IF SO, THEN YES
by N F Simpson.
Jermyn Street Theatre 16b Jermyn Street SW1Y 6ST To 2 October 2010.
Mon-Sat 7.30pm Mat Sat 3.30pm.
BSL Signed 16 Sept.
Runs 2hr 15min One interval.
TICKETS: 020 7287 2875.
Review: Timothy Ramsden 11 September.
Clarity and joy in Absurdity.
Before there were elephants in every room when anything was being discussed, he put one in the garden; before gender-bending became popular his Uncle Ted was a gorgeous female. And he had a collection of I-speak-your-weight machines rehearsing the Hallelujah Chorus while music from found objects was still part of the avant-garde.
He might not have delved the philosophical depths of Absurdity, but he was the clearest link from the late-fifties theatrical movement to the new comedy that finally broke through when the Monty Python gang did something completely different across the nation’s TV screens.
And he’s articulate and witty as ever. Not for N F Simpson the reduced wattage of an old man’s output – the short, the anecdotal, the insubstantial. That would be absurd; he’s only ninety-one, after all.
There are the older male writer’s totems – an elderly writer as protagonist and an attractive younger woman who’s loyally attendant, with no other role than to be loyally attendant, despite Valerie Gogan’s (very good) best efforts.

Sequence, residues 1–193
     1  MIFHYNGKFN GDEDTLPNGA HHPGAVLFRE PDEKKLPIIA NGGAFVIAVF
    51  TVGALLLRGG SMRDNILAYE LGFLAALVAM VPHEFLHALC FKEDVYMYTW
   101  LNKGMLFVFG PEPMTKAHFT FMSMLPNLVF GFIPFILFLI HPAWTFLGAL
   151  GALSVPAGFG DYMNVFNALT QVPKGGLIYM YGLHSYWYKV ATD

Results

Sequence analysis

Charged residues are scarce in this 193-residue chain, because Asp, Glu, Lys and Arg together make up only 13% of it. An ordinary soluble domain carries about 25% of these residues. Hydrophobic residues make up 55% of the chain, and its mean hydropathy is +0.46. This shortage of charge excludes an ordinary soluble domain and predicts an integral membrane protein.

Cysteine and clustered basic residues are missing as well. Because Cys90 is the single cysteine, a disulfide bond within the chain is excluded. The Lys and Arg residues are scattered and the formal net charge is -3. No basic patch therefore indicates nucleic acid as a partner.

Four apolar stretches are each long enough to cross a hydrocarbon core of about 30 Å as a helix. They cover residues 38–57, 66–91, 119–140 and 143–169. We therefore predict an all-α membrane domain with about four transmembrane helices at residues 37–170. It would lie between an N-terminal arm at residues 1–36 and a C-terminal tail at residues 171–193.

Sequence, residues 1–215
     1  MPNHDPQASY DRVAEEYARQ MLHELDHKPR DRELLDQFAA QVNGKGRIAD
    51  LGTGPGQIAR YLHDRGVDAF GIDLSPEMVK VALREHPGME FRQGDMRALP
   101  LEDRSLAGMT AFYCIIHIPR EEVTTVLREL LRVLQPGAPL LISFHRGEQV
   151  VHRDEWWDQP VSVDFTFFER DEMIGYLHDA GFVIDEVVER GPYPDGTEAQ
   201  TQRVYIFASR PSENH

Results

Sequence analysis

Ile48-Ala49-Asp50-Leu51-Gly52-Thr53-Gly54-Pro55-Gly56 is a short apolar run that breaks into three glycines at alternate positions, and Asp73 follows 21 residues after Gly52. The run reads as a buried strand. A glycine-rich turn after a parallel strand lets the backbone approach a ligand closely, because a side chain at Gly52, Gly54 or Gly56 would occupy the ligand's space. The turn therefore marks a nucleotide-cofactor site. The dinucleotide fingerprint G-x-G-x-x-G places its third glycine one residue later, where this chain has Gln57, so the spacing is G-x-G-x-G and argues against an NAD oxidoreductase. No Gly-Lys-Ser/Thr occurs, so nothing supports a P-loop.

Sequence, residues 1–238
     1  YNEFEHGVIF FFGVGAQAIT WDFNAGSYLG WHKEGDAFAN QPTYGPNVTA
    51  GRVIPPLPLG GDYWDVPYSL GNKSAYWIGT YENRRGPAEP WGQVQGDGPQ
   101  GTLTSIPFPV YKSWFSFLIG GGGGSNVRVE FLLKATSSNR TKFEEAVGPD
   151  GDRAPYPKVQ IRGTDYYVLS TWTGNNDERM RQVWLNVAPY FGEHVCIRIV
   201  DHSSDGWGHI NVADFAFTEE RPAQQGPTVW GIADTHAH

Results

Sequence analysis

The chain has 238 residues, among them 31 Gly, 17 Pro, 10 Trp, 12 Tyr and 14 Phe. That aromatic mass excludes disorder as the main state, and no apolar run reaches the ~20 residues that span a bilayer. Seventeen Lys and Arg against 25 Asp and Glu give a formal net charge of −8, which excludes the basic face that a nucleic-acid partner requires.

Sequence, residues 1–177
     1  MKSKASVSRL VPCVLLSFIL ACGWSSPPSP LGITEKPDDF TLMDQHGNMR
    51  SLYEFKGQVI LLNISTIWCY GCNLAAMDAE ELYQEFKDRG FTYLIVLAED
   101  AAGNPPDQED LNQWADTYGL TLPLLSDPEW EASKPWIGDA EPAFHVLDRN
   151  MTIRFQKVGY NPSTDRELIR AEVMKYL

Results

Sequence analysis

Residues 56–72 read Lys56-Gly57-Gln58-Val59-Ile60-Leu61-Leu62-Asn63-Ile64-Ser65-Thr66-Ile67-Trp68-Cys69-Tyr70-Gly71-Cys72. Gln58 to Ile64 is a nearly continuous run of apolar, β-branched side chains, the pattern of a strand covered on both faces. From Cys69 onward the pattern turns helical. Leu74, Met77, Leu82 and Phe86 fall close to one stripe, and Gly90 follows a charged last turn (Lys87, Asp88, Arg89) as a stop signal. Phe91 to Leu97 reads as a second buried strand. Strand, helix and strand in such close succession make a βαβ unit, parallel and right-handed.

But, more importantly, there’s the swirling comedy of logic taking conversations out of the realms of sense – an argument is pursued with equal earnestness as it develops from a discussion of the first American Presidency to the qualities of soap
One participant is aged writer Geoffrey Wythenshaw, whose dictated memoirs convey the tilted arrogance of memory. Around him – and around Jermyn Street Theatre’s auditorium – cleaners and carers talk and work. Then comes a garden fête, picking-up several references, including one to a young man assaulted from behind into the clergy, and offering a range of choices for reincarnation.
If this borders Ionesco-land, a closing lecture attacking reason touches on Lucky’s speech from Waiting for Godot. Steven Beard delivers it with flawless academic smoothness. There are several fine performances, including similar light reasonableness from Roddy Maude-Roxby (if compromised early in the run by several memory lapses).
The production, while letting Simpson’s dialogue speak for itself, offers little support in giving the actors a sense of being in the same world, or providing a rhythm for a play largely structured round a series of interruptions.
Geoffrey Wythenshaw: Roddy Maude-Roxby.
Lorna/Gladys: Valerie Gogan.
Maureen: Gabrielle Dempsey.
Mabel/Letitia: Di Botcher.
Dame Hilda/Claudia: Sarah Crowden.
Brigadier/Harry/Hugo/Lecturer: Steven Beard.
Kevin/Robin/Stephen/Robert: James Chalmers.
Reg/Aubrey/Jeremy: Paul Copley.
Director: Simon Usher.
Designer: Anthony Lamble.
Lighting: Sam Moon.